A Life Half-lived
Opening to the fleeting quick steps on the low desert dunes at noon, the sun rays shine through the sparse clouds as a distant trail of villagers follow the steps of a mother with her newborn by her bosom.
The religious ceremony begins as the dervishes, robed in bold blues and vibrant greens, dance to the pulsing beat of the Tabla. The mother’s hopeful eyes meet with the sheikh’s eyes. With the baby in his arms, his sorrowful eyes glare back as he repeats, “God’s will is inevitable.”
The film, You Will Die at Twenty, is a veracious portrayal of a village newborn, Muzamil, who grows up conflicted, knowing his fate is sealed by a prophecy – a prophecy that proclaims he will die at the age of twenty.
“I think what I was trying to say was, in one word — freedom, freedom from all that can take you and put you in a box,” says Amjad Abu Alala, the Director of the international, award-winning film You Will Die at Twenty.
The movie’s narrative deliberates on themes of blind faith, disillusionment, free will, and love. It’s a critical take on the irrational belief of a rural village’s mentality, from the humble characters to the realistic design of the setting. Progressing with a light-hearted air throughout, the movie can reach across many different ideas and weird positions that youth face while growing up.
Abu Alala, the Sudanese director, was born and raised in the UAE. After a special screening at Cinema Akil, he sat for a Q&A segment and further elaborated on his vision of the film. He touched the fragile state of a young person that’s stuck in a stubborn mentality forced by culture or society, choosing to live as opposed to the mediocre mime act that repeats. The director was quick to elaborate on the movie’s theme, deeply rooted in identity.
“This box is your destiny, or this box is what you were born to be. You can say that box is political and religious, and in the Arab world and Africa, it’s also about the culture, which is accurate, but also limiting. We are a world of limitation,” stated Amjad at a Cinema Akil screening, when asked about the context of the conflict.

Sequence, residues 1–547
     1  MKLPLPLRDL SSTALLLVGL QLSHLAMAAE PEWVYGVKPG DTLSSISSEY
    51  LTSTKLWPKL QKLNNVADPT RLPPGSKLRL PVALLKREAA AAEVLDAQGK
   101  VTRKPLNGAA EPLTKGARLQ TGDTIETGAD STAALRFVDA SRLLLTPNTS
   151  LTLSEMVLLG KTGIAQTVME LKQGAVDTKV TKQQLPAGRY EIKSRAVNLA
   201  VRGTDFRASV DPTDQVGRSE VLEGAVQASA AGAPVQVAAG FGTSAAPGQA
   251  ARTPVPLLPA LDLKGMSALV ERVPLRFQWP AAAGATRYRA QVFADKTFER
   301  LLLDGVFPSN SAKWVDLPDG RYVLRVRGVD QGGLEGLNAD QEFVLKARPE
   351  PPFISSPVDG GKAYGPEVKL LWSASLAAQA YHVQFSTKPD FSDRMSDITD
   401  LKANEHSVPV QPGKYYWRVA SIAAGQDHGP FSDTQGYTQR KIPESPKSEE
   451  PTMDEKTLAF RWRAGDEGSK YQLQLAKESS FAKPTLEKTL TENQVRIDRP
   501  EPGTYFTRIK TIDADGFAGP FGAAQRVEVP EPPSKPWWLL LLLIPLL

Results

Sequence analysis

Being the first Sudanese movie in 30 years, it perhaps tries to say a lot also stands as a testament to the artistic ability that’s slowly being brought to light. The salient conflicts and doubts that are projected through Muzamil make for an incredibly relatable character, his decisions manipulated continuously by public thought and elders from the sidelines, leaving him confused while grasping for an identity that isn’t there at all.
“I envisioned that I would have to dilute some of my own traits from the character himself, but he is the outsider.” Abu Alala mentioned when noting his inspiration for Sulaiman, a drunkard, retired filmmaker that Muzamil takes on as a father figure, played by Mahmoud Elsaraj.
The film won the Venecia 76 Lion of the Future/Luigi de Laurentis Award for Best Debut Feature. The accolade was accompanied with other awards, including first place at the third edition of Egypt’s El Gouna Film Festival in September. Yet, when expressing the film’s most significant achievement, Abu Alala said having a chance to revive Sudan’s artistic identity.
“It is no doubt that oppression and injustice can bring creativity and self-expression to a boil, especially in marginalized societies.” You Will Die at Twenty emotes a dire call for self-reflection and, in a sense, freedom; it may surprise viewers that from a plain, mellow setting can produce such an intimate catharsis through the emancipation of a young soul.
A deep dive into the young mind that’s pressured by society and its brazen ideologies left to follow with no comprehension of the present. That young mind deserves a chance to think, to feel, to breathe, and to live. This film isn’t just an expression against collective ignorance; it inspires and brings to life the power of choice — the conscious choice we have to make every single day, our one choice; or else we risk having a life half-lived.